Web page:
Off into another world of an enormously wide, choppy, Eights-infested river. Rhona pointed out landmarks on the way as she steered to avoid the entourage of other boats travelling the same route. Every now and again the crew heard the unintelligible but encouraging shouts of the Fairy Godfather who was now on a bike rowing along the towpath! The crew rowed all the way through the allotted course, in a surprisingly easy manner. Mrs Izod (seat 1) and Auntie Angela (Seat 2) had been dreading the row up more than the race itself, as it was against the tide and reputedly extremely hard work!
But unbeknown to them, their job had not finished. “Tap on, One and Two!” instructed the cox and One and Two proceeded to TAP ON for another 30km in order to keep the boat from drifting in the tide.
“Row on two strokes, Bow Four! Tap on One and Two.”
”Row on bow side for one! Keep tapping on, One and Two.”
Having being threatened with death by the Fairy Godfather if they talked in the boat, One and Two, being good girls, were reluctant to speak but eventually Mrs Izod muttered “I’m getting cramp” while Auntie Angela whispered back “I’ll be too knackered to race soon”. Luckily, cox finally realised that MAYBE the division of labour was a little unfair (possibly a comment from Becky in the Stroke seat) and switched to torturing Seats 5 (Paparazzi) and Seat 6 (Vicky), to a resounding ‘Thank You’ from the bow end!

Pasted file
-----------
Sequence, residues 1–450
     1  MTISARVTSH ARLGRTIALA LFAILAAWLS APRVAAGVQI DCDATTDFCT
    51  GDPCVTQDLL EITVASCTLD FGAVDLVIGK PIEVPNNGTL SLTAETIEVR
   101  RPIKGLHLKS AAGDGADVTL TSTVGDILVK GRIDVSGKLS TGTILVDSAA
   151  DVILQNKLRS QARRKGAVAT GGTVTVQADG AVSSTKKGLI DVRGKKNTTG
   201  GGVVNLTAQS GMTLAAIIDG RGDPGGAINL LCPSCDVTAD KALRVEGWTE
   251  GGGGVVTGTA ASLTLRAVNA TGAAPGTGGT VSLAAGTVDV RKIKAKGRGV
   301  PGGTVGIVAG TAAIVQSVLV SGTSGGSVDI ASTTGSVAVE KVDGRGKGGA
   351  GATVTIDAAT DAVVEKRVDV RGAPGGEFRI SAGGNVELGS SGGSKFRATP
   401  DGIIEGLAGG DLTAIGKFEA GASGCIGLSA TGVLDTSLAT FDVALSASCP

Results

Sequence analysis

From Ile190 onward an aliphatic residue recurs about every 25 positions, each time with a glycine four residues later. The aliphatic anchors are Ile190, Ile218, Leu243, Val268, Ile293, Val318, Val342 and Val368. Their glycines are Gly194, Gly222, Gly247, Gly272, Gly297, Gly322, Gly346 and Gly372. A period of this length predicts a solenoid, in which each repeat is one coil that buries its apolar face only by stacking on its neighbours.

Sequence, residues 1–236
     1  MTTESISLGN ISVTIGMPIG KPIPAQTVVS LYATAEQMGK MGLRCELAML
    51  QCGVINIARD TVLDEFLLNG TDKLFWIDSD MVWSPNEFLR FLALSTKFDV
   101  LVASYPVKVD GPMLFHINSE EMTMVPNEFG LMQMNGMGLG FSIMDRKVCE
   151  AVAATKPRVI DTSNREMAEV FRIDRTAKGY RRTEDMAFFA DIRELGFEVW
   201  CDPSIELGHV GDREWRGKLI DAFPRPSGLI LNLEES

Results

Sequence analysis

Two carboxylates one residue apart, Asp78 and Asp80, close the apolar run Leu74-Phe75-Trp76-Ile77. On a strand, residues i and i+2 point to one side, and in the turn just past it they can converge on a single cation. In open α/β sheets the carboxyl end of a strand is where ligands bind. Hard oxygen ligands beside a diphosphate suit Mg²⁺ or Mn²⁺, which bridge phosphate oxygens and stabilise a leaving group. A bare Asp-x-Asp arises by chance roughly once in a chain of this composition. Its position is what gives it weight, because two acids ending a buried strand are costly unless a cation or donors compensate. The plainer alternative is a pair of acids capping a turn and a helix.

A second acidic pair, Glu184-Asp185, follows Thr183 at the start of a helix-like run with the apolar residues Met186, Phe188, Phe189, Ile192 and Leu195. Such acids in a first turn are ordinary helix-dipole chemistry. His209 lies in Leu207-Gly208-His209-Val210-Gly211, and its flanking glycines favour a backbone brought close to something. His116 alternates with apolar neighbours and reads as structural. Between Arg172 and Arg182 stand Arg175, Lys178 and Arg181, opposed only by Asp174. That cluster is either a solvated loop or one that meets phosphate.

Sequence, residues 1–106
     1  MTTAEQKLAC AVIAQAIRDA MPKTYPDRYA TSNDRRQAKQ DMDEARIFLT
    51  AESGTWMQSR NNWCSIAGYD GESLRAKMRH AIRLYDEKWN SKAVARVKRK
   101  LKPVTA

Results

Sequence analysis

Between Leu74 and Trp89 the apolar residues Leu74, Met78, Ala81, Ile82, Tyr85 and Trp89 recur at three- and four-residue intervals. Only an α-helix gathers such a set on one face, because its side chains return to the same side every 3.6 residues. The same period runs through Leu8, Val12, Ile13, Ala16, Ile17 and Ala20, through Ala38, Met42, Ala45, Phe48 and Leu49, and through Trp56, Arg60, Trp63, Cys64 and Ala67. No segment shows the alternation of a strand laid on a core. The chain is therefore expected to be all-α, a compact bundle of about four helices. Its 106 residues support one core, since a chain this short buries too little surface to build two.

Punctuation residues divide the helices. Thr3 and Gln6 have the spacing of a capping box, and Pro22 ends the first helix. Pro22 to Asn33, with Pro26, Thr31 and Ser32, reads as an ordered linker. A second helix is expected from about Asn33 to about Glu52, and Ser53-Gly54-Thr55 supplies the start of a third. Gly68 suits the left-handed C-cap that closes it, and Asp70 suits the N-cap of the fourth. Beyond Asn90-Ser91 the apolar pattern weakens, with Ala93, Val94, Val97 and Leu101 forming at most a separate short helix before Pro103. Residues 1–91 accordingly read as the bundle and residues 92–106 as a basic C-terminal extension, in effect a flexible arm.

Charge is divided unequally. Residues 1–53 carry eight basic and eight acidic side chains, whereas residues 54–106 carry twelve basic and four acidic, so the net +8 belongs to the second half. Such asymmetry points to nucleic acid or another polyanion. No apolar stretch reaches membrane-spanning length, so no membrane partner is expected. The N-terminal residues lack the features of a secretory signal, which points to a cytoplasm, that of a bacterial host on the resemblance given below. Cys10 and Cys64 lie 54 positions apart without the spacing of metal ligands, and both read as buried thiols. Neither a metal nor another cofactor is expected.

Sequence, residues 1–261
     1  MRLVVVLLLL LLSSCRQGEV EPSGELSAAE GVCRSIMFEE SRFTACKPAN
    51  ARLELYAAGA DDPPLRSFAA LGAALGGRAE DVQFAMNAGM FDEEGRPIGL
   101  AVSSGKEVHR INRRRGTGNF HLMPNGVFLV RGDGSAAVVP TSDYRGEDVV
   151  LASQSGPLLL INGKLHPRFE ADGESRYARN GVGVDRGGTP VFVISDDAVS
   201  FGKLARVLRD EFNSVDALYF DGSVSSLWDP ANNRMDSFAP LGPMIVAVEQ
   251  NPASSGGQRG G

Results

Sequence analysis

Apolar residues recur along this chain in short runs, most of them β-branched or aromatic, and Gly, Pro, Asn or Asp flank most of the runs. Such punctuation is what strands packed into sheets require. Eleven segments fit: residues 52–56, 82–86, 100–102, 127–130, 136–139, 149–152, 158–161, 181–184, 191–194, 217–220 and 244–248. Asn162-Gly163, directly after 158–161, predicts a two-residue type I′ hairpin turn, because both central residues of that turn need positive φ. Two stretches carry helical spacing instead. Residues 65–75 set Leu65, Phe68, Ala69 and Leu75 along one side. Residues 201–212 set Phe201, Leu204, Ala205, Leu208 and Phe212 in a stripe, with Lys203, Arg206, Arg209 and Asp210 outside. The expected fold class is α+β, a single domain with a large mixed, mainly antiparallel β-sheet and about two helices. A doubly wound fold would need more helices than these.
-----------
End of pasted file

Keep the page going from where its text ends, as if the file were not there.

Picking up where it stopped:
All too soon, they were turning the boat just before Kew Bridge (and NO, no--one had said they would have to row that far!) and, under the instruction of some surprisingly lovely, polite stewards, the crew were on the way to the start at Chiswick Bridge.
Up to medium!
Building to firm over 5.
Boat 148. GO!!!
Rhona called and steered brilliantly, Becky set a fab stroke, Jenny set up the timing well, while Paparazzi, Vicky, Cool Keely (seat 4) and little Becca (seat 3) put on the beef, while Auntie Angela and Claire, having recovered from the tapping on, kept the balance and the rhythm at the pointy end of the boat.
Under Barnes Bridge. Not feeling too bad. Great rhythm. Finish together. Under Hammersmith Bridge. Cheer and encouragement heard from the young and lovely supporter, Lucy. Halfway! Bit of choppy water and cross wind. Loss of rhythm. Get it back. Catch together. Past Fulham Football Ground, where they definitely heard “Come on Oundle!” Up to the Black Buoy. Sit up!!! Knackered but nearly there – one and a half minutes to go. Up one at Vesta and then …..
Rhona was enjoying herself so much they didn’t stop at the finish and were still doing 31 strokes a minute under Putney Bridge!
It was all over. Lungs and muscles grateful to be paddling light, but…. That’s it. Experience over. And no chance of an Action Replay to revisit it.
Then it was the usual endless row back to the jetty, lots of help from Simon, Jack, Lucy and Mick to get the boat out of the water, derigged and loaded on the trailer. A cup of tea or a cider, depending on your preference. Back in the Landy and car and home to the Ship for lots of ‘Top Banter’.
The Fairy Godfather had done it! Turned the ladies of a certain age into a crew who rowed in the Women’s Eights Head of the River Race in a very respectable time of 23:14.1. Not bad for a first outing (on the Thames) and a fantastic experience.
What next, Fairy Godfather?